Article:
The Coconut Laksa Barramundi ($30) was sided by a mildly spicy tumeric potato cake, crisp-fried beancurd skin, and poached baby boy choy. They've updated the style of this dish, with different accompaniments, and are now more generous with that luscious laksa sauce. Me likey! Me likey very very much!

The Roasted Red Snapper ($32) set atop a lively calamansi & sesame cucumber salad, squid ink barley, and flavoured with a garden roselle & hibiscus ketchup, was as disappointingly lackluster as before. The combination of flavours were a-ok, but didn't 'pop', and the skin on the fillet was missing that paper-crisp crackle. I don't know why the restaurant always recommends this dish. It's by far, their weakest link.

A dessert off the set lunch menu, the Calamansi & Bandung ($35 as part of a 2-course set lunch) of a calamansi sponge cake, calamansi cremeux, and bandung gelato was another example of how local flavours can be made modern and elevated to sophisticated restaurant-quality fare with refined plating.

I liked the herby contrast to the deconstructed Lemon Tart ($18) with the sweet basil ice-cream and basil chia seeds.

The Pandan & Banana Custard ($18) given some punch with a ginger biscuit, lemongrass sago, and sugarcane sorbet, was beautifully harmonised. Just don't eat it together with the lemon tart, the flavours clashed wildly.

Open Farm Community
130E Minden Road
Tel: 6474 5964
Open weekdays from 12noon to 10pm;
weekends from 11am to 10pm
Website: www.openfarmcommunity.com


Hotel Sofitel So, Auckland

Opened barely a few months ago earlier in the year, Sofitel So Auckland is the "new kid on the bloc". Just a street behind the Viaduct Harbour foreshore where the ferry terminal is, the neighbourhood is noticeably quieter than the Hilton. Which is the good thing. On the down side, the rooms in this newbie don't have the expansive vantage of the rooms in the Hilton.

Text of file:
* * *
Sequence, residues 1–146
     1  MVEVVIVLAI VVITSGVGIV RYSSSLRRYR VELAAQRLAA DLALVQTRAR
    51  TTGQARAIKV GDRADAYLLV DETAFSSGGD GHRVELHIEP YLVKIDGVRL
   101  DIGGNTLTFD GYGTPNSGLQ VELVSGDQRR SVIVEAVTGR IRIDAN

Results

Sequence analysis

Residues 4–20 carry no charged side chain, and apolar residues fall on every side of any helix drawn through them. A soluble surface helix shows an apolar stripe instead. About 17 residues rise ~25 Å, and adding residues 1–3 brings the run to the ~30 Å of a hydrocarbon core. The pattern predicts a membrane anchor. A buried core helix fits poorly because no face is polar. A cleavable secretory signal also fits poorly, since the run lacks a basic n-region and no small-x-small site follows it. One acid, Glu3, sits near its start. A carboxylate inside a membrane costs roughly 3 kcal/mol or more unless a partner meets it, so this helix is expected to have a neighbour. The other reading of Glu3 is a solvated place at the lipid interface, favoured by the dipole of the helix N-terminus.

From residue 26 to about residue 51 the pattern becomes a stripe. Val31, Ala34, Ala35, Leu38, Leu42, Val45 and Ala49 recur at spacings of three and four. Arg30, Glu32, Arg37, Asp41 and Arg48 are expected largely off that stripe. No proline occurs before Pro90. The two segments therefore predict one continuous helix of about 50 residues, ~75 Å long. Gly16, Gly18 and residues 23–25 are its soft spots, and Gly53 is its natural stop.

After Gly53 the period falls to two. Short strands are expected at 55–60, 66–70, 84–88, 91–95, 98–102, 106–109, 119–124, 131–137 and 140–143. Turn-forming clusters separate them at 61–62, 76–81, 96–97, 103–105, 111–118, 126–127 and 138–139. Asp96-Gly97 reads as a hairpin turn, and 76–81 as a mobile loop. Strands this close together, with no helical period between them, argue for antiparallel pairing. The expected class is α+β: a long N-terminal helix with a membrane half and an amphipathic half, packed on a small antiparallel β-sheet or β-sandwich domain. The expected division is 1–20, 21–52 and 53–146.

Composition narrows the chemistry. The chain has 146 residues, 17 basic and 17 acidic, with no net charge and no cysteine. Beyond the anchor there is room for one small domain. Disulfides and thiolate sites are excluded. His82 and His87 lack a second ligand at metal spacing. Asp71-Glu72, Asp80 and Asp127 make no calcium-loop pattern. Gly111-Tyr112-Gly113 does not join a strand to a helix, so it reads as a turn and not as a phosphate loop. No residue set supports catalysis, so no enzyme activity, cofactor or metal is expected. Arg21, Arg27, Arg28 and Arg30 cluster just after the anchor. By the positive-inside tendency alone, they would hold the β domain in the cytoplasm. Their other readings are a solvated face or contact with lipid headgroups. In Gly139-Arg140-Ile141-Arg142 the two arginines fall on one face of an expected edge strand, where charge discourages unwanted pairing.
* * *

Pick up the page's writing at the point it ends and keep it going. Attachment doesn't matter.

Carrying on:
Taking over the structure previously run by the Westin group, the building originally housed the New Zealand Reserve Bank. Which probably explains why the hotel is so "inward-looking", and not many of its rooms have sea views. Most overlook the internal water feature, which is meh, or have city views, which is so blah.

By virtue of it being the newest hotel in Auckland, the Sofitel So is currently the prettiest. And also by default, the most luxurious.

The French aesthetic is evident immediately when you walk through the lobby. Swathed in shades of taupe, rich jewel tones and dark wood, the hotel is opulent yet tasteful and elegant.

There's no available parking at the hotel (that I could see anyway), or adjacent to the hotel that's cost-effective, and the space at the drop-off porch is limited, but at least there's the valet option (NZ$45 per day).

Many of the rooms in the hotel face each other, which is as dull a view as it gets. Also, I'd advise drawing the shades if you're the type to traipse around the room in your birthday suit.

The small but functional business centre, just off the main lift lobby access to the rooms, which was very useful when I needed to get urgent work done. The con? There's no privacy at all.

We stayed in the Luxury King Room (rates start at NZ$280), stylishly furnished in restful tones.

The bed was comfortable, and we slept well. The tv was properly large, had complimentary cable, and set up so we could move it to somewhat face the bed, or the couch.

The bed is right next to the bathroom.

Lanvin toiletries, which exclusively supply to the Sofitel chain, and these ones were orange scented.

I liked that the bathroom at the Sofitel is well fitted out, and definitely more luxurious than the Hilton's almost depressing one. For one, the tub was deep and could easily fit the Hubs and I.

The water pressure of the hand shower was ridiculously low, I would have taken a year to wash out the shampoo in my hair. I'm all for the save-water movement, but that was just ludicrous. Use the rainshower instead, the water pressure was much more efficient.

The modest seating area, which was next to the wardrobe and mini bar. Dilmah teas and nespresso capsules were complimentary, as with tea and coffee making facilities, and the standard honour bar snacks and drinks.

Hotel Sofitel Auckland Viaduct Harbour
21 Viaduct Harbour Ave
Auckland 1010
New Zealand
Tel: +64 9 909 9000